This rugged Atlantic archipelago between Iceland, Norway and Scotland “is a new frontier of Scandi cool”, says Condé Nast Traveller. The 18 islands offer a sense of remoteness and outstanding hospitality – “a truly unreconstructed natural experience with no small amount of native style”. What’s more, they’re on the UK’s green list. If this sounds a tempting place to buy, you’re out of luck – houses are few and far between, and there are currently none for sale.
Places of note The islands are linked by a series of road tunnels: the latest one, colourful Eysturoy, has the world’s first undersea roundabout, which looks like a jellyfish. Take the tunnel to Vagar island for the idyllic village of Gasadalur, the 200ft Mulafossur waterfall, which runs into the Atlantic, and the cliffside “hanging lake” of Sorvagsvatn. Hike along old village paths: you’re never more than three miles from the sea, so the views are always splendid. Mykines island has no roads, just 500,000 puffins. For some of the islands’ famous knitwear, visit Gudrun & Gudrun in the capital, Torshavn (“Thor’s Harbour”) – Gudrun Ludvig designed the jumper worn by Sarah Lund in The Killing. While you’re there, grab some food at the cosy Barbara Fish House, Etika Sushi or the Nordic House, a café hosting live music.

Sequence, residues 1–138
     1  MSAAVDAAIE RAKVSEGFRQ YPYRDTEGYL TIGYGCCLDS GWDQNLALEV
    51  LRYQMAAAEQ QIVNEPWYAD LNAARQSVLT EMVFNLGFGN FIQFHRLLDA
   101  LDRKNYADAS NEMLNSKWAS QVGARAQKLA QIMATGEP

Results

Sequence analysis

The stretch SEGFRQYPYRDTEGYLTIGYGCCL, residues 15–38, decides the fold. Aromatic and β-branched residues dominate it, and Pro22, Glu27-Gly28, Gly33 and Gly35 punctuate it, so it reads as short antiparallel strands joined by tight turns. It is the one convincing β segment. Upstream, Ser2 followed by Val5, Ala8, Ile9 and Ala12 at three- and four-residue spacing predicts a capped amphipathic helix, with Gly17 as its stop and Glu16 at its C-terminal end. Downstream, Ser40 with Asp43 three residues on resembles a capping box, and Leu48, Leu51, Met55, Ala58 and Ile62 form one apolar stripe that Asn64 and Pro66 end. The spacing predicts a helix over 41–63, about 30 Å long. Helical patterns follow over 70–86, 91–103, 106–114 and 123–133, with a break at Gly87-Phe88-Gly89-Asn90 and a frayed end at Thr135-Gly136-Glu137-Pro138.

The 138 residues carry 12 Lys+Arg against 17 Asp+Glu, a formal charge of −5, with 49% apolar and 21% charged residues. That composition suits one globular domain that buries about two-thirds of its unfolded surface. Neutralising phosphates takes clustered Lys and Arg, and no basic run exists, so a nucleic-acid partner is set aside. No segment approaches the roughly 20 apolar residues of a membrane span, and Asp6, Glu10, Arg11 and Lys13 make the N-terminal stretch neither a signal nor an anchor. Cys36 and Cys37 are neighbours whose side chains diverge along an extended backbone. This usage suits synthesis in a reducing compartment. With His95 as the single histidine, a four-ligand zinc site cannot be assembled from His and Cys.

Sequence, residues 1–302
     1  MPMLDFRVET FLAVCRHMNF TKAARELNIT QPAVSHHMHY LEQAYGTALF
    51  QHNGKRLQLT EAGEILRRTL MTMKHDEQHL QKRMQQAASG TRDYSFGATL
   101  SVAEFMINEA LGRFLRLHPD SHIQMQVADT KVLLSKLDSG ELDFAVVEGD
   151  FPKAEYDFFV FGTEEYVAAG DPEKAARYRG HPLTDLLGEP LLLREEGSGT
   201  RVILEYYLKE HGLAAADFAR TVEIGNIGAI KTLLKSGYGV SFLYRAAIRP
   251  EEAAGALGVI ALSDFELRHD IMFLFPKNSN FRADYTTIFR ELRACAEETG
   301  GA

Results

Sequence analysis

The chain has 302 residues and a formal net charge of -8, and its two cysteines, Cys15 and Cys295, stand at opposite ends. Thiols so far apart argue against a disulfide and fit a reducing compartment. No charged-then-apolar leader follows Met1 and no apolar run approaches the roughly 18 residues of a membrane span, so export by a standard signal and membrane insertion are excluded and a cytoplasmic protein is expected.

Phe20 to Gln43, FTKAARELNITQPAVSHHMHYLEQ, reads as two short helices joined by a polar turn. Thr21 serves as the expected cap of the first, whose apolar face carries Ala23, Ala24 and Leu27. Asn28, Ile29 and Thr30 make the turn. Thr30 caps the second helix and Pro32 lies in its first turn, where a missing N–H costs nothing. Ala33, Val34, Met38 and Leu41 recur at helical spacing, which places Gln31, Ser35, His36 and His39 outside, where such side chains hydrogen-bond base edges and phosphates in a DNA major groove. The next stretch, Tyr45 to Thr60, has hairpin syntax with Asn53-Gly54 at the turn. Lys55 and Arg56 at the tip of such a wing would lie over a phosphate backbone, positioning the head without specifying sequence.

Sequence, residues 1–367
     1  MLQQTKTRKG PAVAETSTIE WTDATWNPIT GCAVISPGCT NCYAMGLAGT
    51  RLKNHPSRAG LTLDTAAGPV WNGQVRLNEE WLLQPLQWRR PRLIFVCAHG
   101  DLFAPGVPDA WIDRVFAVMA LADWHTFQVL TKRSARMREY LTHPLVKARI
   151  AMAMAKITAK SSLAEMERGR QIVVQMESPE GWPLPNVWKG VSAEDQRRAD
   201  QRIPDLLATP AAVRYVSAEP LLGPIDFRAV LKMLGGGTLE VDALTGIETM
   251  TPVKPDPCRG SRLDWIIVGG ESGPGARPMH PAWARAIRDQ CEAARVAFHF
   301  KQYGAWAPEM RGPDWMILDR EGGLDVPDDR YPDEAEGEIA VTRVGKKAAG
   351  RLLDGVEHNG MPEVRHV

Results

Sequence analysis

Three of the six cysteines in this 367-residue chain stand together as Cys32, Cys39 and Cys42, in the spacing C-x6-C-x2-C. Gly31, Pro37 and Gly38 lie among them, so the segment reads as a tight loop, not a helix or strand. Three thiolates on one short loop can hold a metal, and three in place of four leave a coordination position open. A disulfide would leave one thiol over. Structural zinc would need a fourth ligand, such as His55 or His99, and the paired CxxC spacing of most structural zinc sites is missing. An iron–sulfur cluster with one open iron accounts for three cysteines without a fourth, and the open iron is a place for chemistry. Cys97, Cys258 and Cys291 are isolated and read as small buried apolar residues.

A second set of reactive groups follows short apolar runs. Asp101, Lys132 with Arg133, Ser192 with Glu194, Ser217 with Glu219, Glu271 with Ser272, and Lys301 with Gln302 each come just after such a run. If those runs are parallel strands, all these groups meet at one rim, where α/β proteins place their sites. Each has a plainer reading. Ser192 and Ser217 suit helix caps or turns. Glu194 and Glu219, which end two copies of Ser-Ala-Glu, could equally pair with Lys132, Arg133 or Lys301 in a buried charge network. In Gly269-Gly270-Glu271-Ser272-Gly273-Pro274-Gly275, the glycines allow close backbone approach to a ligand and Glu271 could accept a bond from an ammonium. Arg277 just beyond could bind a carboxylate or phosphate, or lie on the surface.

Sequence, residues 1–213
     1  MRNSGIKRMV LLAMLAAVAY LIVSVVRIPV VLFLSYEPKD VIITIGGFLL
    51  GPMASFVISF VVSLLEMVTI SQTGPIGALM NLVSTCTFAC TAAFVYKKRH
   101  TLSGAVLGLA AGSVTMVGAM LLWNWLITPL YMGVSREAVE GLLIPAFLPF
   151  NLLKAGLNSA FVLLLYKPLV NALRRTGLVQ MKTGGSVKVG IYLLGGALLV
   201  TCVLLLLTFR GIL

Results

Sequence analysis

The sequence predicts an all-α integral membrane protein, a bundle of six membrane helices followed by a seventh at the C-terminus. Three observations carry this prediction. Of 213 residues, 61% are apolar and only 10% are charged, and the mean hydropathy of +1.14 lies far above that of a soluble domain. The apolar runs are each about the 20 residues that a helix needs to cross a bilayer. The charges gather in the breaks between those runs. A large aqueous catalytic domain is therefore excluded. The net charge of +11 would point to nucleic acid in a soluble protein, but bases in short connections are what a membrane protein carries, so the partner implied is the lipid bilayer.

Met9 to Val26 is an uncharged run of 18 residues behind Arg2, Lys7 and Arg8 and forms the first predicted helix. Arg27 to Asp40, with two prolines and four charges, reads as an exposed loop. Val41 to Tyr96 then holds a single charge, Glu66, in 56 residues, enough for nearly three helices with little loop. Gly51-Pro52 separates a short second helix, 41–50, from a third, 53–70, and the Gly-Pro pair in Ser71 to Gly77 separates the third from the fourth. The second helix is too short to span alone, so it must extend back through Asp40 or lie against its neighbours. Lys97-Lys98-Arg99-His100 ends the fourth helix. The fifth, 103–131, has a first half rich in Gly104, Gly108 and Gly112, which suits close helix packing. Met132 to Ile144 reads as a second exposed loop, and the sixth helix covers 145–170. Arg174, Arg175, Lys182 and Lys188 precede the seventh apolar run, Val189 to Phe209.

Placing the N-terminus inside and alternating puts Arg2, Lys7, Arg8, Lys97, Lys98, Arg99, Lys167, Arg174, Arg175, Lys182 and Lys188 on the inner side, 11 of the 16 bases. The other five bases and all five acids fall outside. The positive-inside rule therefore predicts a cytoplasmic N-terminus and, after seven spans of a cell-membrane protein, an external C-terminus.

Famous faces There are only 52,000 Faroe Islanders, so your most likely company is sheep. But the scenery brought the cast of the 007 movie No Time to Die here for filming in 2019. There’s now a James Bond sightseeing tour (from £230pp).
Weather “Wet, windy and wild”, with a breeze sweeping in off the Atlantic and the Norwegian Sea, this is no place for sunbathing.
1 To eat
Two-Michelin-starred Koks is a tiny restaurant serving local delicacies such as fermented lamb leg. Its signature dish, freshly caught langoustine tail grilled on hot stones, smoked with pine needles and dusted with black salt made from seaweed, made superstar chef René Redzepi weep with joy.
2 To stay
For fine views of the Atlantic, head to Gjaargardur Guesthouse, in a sleepy village on the north coast of Eysturoy island, an hour from the capital. The interiors are warm and cosy, and the restaurant serves top-notch local dishes. Doubles from £134, B&B.
3 To rent
You can’t get more remote than this cottage sleeping eight on Stora Dimun – it’s the smallest inhabited island in the Faroes, occupied by one family and accessible only in good weather, by helicopter or boat. The lighthouse at the southernmost point of the island is a great place to spot puffins. From £207 a night.
4 To Airbnb
There are plenty of cosy huts and houses on offer across the Faroes, including the View, from which you can see Drangarnar, Tindholm and Mykines. Built in traditional style, it sleeps four and has a kitchen, a porch and a living area with floor-to-ceiling windows. From £398 for two nights.